The phrase “Man does not live by bread alone but by every word that proceeds from the mouth of God” comes from Deuteronomy 8:3. The phrase “Do not put the Lord your God to the test” comes from Deuteronomy 6:16. The phrase “Worship the Lord your God and serve only Him” comes from Deuteronomy 6:13. In a moment of physical weakness and exhaustion from a lack of food and water for forty days, Jesus knew the Bible well enough to quote it from memory. Jesus embodied the language of Psalms 119:11 that says, “Your word have I hidden in my heart so I will not sin against you.” This is the test that we need to pass as well, to know the Bible so well that its lessons and teachings will come rushing to our minds every time Satan tries to lead us into temptation.

I like the fact that Jesus did not have to flip through the pages of the Bible so He could read the part that he needed in that moment. He did not need to have the Bible in His hand, because He had the word of God in His head and His heart. He did not have to turn to the index or the content page and find out what page to turn to because He did not know where certain books in the Bible could be found. He had become so familiar with the scriptures and so acquainted with its contents that the word just flowed out of Him like water from a fountain. He could pass the attitude test of character largely because He could pass the aptitude test of knowledge.

One day you and I will have to pass those same tests ourselves. Let me make one point as plainly and as straightforwardly as I can: there is nothing you can do to keep yourself from being tested or tempted by Satan. In one way or another, sooner or later, all of us will have to face and attempt to pass the test of temptation — either in the form of physical passions, or impatience that leads us to make God prove himself to us, or the possibility of being more impressed and obedient to some other person or ideology than we are to God. But when our attitude or our character is tested, it will be our aptitude or our knowledge of and faith in the word of God that will see us through and help us pass that test.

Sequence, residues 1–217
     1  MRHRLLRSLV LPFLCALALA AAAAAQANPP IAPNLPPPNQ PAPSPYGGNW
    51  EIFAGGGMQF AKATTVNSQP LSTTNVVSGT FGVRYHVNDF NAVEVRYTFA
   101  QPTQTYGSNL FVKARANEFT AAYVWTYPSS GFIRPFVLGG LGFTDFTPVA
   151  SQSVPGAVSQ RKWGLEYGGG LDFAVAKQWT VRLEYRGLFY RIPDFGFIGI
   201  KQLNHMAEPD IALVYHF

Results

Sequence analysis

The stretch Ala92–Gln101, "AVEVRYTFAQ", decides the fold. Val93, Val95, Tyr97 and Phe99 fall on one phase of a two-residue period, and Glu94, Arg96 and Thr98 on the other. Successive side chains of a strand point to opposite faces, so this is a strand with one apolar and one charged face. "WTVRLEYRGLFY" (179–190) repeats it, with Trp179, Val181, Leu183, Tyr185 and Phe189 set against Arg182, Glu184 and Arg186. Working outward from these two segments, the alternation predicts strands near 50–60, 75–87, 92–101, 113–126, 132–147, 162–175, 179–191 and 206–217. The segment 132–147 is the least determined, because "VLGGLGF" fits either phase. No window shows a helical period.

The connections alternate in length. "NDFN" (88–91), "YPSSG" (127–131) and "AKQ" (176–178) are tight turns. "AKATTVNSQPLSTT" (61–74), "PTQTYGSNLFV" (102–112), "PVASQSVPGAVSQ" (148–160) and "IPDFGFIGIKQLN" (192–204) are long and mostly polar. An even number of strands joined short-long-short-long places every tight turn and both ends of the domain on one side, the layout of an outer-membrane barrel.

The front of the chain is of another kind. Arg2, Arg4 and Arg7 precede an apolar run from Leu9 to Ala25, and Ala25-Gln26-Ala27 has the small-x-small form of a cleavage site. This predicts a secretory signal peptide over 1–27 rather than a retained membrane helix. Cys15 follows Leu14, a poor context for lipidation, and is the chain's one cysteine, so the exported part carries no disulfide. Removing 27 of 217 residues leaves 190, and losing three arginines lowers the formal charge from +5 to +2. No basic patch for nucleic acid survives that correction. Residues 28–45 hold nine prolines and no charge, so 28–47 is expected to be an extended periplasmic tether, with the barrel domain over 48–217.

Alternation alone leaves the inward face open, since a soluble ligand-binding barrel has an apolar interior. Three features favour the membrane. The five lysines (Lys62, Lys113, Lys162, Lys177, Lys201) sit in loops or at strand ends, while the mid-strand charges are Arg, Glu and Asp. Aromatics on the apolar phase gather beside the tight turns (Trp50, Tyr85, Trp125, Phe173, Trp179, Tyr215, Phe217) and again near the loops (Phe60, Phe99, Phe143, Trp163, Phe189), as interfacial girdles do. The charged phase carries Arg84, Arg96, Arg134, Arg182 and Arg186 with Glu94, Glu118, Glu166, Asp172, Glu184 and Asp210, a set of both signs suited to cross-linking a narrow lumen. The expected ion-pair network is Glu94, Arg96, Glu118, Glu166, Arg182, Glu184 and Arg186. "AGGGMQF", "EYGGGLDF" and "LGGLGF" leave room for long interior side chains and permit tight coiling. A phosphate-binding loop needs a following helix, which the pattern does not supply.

It was important for Jesus to pass these tests of attitude and aptitude. Nothing less than the power of sin was hanging in the balance. Remember that in the Garden of Eden sin crept in and took control of the human family because Adam and Eve failed both of these exams when they were tested by Satan. They failed the attitude test of character when they ate from the one tree in the Garden that God told them to avoid. They failed the aptitude test of knowledge, because it was clear from the story that they knew perfectly well what God had said. However, having the words of God ringing in their ears, those words did not have enough power to restrain their behavior.

Two portions of scripture rush to mind right now. The first is 1 Corinthians 15:22 that says, “For as in Adam all die, so also in Christ shall all be made alive.” The sin that first gripped us like a vice came because one man failed his test. That grip was finally broken when another man came along and faced that same test but passed it with flying colors. We can live free from the power of sin and Satan. We cannot avoid being tempted, but we can avoid giving in to those temptations by the power of Christ who will equip us with the right attitude and the right aptitude.

That brings me to the second text and my last point. In Hebrews 4:15 it says, “For we do not have a High Priest who cannot sympathize with our weaknesses, but was in all points tempted as we are, yet without sin.” Every temptation you ever felt, Christ felt also. Every passion that ever burned within you burned within Him also. He knows what it is like to live with the devil on your trail, because that was His experience as well. But here is the one thing that distinguishes us from Christ: He was tempted yet did not sin. He had the power to hold out. He has the strength to stand firm. He had the knowledge to resist. He had the character to overcome the devil. And if we just turn to Him and put our faith and trust in Him, He will help us accomplish the same thing and pass the tests of attitude and aptitude. That is why the hymn writer says:

We are our heavenly father’s children,
And we all know that he loves us one and all.
Yet there are times when we find we answer
Another’s voice and call;
If we are willing, he will teach us,
His voice only to obey no matter where,
And he knows, yes he knows
Just how much we can bear.
Tho’ the load gets heavy,
You’re never left alone to bear it all.
Just ask for strength and keep on toiling,
Although the tear drops fall.
You have the joy of this assurance,
Our heavenly Father will always answer prayer;
And he knows, yes he knows
Just how much you can bear.


Marvin A. McMickle is Senior Pastor of Antioch Baptist Church in Cleveland, OH.